Four of these Grand Challenges build on well-established areas of global leadership for our university.
Sustainable water and food security.
Nebraska is already a world leader in the intersection of water and food production, with much of that research centered in IANR and the Daughterty Water for Food Global Institute. As the world grapples with feeding 10 billion people by 2050 – from rural areas to densely populated megacities – the intersection of food, water, soil health and climate is paramount. Agriculture is the largest use of freshwater in the world. With our leading research and researchers, UNL is uniquely positioned to harmonize interconnected food, energy and water systems while advancing environmental health and resiliency leading to a safe and abundant food supply for all. We have the opportunity to help transform the agriculture and food systems of tomorrow, integrating innovations based on the ag and food biome, big data, biotechnology, precision agriculture, and food technology and nutrition sciences to promote economically and environmentally sustainable food systems.
Early childhood education and development.
A Lakota proverb says, “The ones that matter most are the children.” Children’s early experiences – from birth to age eight – and the environments in which they learn and grow build the foundation for future life outcomes. Today, the future of millions of children is severely compromised because of adverse conditions such as poverty, significant resource and opportunity inequities, and a host of conditions and inept systems that damage their development. UNL has an opportunity to transform the systems which impact children’s development, and help ensure their developmental trajectories, and our futures, are on positive pathways.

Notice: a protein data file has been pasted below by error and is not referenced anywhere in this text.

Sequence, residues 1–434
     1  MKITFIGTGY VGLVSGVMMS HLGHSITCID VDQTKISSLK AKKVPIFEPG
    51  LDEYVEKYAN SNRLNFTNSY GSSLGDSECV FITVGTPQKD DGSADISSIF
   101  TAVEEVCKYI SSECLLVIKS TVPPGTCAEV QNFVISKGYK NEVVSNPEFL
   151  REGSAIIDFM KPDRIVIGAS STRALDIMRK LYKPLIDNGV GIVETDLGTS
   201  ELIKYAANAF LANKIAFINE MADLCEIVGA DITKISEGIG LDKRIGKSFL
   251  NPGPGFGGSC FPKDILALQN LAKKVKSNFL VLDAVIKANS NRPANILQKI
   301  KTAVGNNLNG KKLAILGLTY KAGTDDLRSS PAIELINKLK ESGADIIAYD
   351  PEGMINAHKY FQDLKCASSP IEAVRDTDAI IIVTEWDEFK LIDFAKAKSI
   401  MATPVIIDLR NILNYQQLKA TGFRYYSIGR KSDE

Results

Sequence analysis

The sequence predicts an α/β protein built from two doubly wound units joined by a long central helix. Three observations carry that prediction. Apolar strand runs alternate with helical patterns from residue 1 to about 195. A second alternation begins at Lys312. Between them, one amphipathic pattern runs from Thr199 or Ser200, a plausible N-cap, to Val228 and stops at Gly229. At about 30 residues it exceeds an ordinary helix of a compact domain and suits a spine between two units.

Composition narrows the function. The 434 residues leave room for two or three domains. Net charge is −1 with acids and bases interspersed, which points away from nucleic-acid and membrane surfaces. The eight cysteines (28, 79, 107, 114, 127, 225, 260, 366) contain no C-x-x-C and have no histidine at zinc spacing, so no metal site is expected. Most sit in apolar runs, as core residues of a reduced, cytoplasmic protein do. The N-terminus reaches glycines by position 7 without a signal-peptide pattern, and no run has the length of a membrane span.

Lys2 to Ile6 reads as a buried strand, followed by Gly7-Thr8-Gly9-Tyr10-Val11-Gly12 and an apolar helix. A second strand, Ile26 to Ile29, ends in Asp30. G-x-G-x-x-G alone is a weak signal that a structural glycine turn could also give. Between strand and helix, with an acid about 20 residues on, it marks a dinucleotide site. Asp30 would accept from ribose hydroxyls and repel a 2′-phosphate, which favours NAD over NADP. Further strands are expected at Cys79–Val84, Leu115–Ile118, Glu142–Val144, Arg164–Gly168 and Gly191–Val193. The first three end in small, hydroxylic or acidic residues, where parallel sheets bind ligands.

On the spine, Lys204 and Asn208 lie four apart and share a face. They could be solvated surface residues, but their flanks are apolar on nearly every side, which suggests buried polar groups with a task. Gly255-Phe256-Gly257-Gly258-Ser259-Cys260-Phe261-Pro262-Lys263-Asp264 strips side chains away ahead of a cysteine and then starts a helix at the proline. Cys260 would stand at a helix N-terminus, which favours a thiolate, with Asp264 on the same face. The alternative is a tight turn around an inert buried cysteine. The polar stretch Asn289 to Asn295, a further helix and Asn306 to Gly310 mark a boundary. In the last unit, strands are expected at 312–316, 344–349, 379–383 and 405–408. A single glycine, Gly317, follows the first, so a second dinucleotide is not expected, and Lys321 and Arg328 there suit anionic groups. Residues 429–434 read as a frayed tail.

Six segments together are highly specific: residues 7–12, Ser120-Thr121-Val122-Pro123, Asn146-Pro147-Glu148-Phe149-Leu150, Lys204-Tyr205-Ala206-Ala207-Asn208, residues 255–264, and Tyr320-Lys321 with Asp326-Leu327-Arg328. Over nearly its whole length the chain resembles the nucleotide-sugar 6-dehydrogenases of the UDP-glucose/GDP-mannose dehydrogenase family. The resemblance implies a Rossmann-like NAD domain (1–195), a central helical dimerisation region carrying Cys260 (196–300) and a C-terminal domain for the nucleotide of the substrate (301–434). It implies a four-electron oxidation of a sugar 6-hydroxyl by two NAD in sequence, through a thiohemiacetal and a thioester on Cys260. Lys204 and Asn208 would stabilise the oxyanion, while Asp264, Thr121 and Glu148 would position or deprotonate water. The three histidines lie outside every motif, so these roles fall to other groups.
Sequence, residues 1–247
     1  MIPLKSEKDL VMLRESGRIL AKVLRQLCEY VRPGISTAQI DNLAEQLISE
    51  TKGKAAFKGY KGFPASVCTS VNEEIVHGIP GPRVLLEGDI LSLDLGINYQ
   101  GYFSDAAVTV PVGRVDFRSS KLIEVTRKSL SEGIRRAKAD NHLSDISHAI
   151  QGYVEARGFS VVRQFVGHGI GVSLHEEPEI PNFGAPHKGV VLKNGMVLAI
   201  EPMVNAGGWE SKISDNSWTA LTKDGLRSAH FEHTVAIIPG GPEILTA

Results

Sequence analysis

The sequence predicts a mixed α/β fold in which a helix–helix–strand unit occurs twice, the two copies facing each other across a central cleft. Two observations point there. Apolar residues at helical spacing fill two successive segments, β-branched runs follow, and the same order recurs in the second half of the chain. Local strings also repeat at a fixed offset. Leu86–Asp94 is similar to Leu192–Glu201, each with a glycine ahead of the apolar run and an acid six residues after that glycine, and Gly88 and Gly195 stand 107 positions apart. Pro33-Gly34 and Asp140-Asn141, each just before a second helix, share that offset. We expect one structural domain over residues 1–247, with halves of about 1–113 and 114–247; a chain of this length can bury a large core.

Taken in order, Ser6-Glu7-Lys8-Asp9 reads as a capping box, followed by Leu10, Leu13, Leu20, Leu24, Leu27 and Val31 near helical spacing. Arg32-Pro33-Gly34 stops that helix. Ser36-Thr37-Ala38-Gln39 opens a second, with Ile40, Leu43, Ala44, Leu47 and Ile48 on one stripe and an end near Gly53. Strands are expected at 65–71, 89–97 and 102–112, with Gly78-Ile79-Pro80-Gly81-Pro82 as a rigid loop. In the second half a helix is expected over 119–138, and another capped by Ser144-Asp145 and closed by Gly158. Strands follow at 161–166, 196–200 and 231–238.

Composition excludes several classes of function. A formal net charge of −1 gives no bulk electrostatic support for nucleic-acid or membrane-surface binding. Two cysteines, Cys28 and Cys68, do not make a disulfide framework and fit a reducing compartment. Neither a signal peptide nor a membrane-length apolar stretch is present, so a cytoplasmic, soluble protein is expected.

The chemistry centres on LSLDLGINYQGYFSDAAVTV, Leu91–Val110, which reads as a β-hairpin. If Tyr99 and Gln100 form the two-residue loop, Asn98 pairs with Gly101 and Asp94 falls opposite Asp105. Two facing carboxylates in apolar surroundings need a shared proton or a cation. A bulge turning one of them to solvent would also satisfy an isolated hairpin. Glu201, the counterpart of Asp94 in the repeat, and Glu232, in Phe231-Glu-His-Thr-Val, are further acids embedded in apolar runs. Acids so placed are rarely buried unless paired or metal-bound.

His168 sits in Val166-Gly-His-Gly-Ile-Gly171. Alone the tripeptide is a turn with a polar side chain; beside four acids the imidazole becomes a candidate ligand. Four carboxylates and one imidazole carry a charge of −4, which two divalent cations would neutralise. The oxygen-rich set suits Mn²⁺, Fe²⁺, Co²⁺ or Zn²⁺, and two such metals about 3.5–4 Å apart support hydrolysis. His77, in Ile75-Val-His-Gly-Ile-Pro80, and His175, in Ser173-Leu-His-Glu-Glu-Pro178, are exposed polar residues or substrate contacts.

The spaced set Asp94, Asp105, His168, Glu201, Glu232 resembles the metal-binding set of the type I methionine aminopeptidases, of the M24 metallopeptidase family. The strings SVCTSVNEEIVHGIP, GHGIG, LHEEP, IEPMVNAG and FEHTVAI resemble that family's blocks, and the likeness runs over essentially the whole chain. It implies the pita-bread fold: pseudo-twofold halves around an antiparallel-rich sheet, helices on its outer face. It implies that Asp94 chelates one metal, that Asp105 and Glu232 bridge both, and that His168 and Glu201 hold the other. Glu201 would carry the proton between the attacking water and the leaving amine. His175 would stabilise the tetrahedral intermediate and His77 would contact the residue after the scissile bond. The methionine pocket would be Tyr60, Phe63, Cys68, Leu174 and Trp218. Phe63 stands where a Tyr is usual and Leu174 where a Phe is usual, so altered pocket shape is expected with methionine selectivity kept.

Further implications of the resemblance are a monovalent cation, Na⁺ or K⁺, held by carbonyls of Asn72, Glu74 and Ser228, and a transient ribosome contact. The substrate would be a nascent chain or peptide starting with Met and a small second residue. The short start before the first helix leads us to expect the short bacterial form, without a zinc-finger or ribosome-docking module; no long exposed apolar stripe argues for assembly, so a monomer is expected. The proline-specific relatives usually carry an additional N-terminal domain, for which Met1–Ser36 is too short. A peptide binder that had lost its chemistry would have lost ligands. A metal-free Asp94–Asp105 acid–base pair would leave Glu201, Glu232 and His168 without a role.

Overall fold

Climate change, mitigation and resilience.
To better prepare for and mitigate climate change and its impacts, UNL has an opportunity to tap the breadth of our expertise and collaborative interdisciplinary culture. There is an urgency to addressing climate change and variability, extreme weather events, and natural disasters. UNL has the opportunity to develop solutions that foster climate resilience at local, national and global levels through integrated research, teaching and engagement. Coordinated efforts at UNL can lead to the development, adoption and application of tools to mitigate risk and the crises that result from drought, extreme weather, and changes in agricultural production and human health.
Quantum science and engineering.
Quantum mechanics has been the foundation of virtually all technological applications that define our modern way of life, including the computer, lasers, telecommunications, and advanced medical imaging. And a new “quantum revolution” is imminent. Just as UNL has led for decades in physics and quantum science, we have the opportunity to continue to be at the nexus of this new, globally competitive effort to develop potentially transformative quantum-based applications. The outcomes have tremendous implications to improve the lives of Nebraskans and people across the globe; the universal impact of this revolution will touch everyone.